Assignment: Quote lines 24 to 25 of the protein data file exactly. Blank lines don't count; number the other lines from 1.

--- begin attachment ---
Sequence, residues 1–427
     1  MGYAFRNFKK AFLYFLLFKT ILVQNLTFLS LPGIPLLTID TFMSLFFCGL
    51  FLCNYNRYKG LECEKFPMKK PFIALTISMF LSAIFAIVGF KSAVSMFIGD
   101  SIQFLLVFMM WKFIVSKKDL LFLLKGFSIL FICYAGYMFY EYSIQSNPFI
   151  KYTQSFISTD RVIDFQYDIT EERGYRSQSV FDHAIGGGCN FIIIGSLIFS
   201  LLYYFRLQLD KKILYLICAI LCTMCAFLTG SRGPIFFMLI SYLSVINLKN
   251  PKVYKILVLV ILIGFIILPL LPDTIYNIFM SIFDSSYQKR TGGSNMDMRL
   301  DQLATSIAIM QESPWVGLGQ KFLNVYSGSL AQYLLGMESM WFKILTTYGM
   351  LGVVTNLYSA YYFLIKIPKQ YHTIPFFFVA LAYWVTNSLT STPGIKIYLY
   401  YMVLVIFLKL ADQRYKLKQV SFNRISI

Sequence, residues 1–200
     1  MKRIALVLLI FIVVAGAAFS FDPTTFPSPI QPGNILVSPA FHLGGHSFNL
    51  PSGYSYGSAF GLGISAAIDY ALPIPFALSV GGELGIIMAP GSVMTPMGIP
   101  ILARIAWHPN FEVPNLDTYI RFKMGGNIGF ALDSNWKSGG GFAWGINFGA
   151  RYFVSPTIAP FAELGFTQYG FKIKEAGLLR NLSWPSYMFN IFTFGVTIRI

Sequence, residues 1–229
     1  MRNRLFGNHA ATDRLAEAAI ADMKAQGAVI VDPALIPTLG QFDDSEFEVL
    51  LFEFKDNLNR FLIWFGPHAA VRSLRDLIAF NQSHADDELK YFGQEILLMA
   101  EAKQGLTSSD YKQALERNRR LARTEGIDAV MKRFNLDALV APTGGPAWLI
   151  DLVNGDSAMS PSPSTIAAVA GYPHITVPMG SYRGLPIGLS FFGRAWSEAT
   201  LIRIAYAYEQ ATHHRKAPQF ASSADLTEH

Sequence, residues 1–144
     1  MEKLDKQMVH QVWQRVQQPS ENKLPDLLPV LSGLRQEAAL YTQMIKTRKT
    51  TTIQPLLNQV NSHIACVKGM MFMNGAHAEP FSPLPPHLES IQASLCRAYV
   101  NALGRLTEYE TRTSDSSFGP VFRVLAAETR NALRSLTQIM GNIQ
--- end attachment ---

    51  TTIQPLLNQV NSHIACVKGM MFMNGAHAEP FSPLPPHLES IQASLCRAYV
   101  NALGRLTEYE TRTSDSSFGP VFRVLAAETR NALRSLTQIM GNIQ